Much of the recent scrutiny of the Roman Catholic Church’s response to clergy sexual abuse has focused on whether the Vatican and the man who is now pope acted quickly enough to remove perpetrators from the priesthood.
At the same time, church officials, experts in abuse prevention and even some victims’ advocates question whether the time-consuming church process known as laicisation, often called defrocking, is the right benchmark in abuse cases.
To defrock or not? The question is complicated by the reality that most abuse allegations date back decades and cannot be prosecuted criminally, leaving decisions about how to deal with abusers largely in the hands of church authorities.
Some Catholics say laicising a perpetrator, which only the Vatican can do, is just and fair – an unambiguous verdict that validates victims and punishes child molesters with the clerical equivalent of the death penalty.
But laicising a priest can take years, while a local bishop can swiftly yank perpetrators from working with children and continue to keep tabs on them.
Because of that, others say the focus should be on holding church officials accountable for taking action short of that: permanently removing perpetrators from ministry and keeping them away from children.
One knock on laicisation is that the church and former priest cut ties, meaning an abuser would be free of all church supervision.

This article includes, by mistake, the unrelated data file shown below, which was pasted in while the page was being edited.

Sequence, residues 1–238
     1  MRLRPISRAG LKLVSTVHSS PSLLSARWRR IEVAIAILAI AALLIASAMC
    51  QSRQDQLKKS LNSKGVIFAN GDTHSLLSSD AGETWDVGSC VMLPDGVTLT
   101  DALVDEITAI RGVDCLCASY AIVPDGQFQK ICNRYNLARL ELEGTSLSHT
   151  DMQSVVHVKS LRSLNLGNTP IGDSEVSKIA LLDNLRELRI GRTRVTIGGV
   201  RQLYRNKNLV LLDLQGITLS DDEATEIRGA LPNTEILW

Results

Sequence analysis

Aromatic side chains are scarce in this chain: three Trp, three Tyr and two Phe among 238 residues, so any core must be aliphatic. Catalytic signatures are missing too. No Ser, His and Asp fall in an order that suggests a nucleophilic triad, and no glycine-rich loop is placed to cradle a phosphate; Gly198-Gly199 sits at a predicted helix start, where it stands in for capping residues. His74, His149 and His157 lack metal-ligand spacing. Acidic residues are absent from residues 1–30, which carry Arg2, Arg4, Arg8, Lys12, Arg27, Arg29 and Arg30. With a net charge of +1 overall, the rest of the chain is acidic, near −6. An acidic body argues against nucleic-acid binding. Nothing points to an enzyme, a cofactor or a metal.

“People get so mad at perpetrators, which is understandable, and the bishops,” said Monsignor Stephen Rossetti, a psychologist and former head of St. Luke Institute in Silver Spring, Maryland, which treats molester priests. “But they forget what the goal is. The goal is to protect minors.”
Laicisation is in the spotlight now because of recently publicized documents that called into question how a powerful Vatican office headed by the future Pope Benedict XVI handled abuse cases.
In two US cases, the Congregation for the Doctrine of the Faith, headed by then-Cardinal Joseph Ratzinger from 1981 to his papal election in 2005, either slowed down or resisted steps toward the laicisation of two abuser priests.
One involved a Wisconsin priest, never laicised, accused of molesting as many as 200 deaf boys. The other concerned an Oakland, California, priest who sought to leave the priesthood after being convicted of child molestation. The request eventually was granted. The Vatican has defended its response, citing the circumstances involved.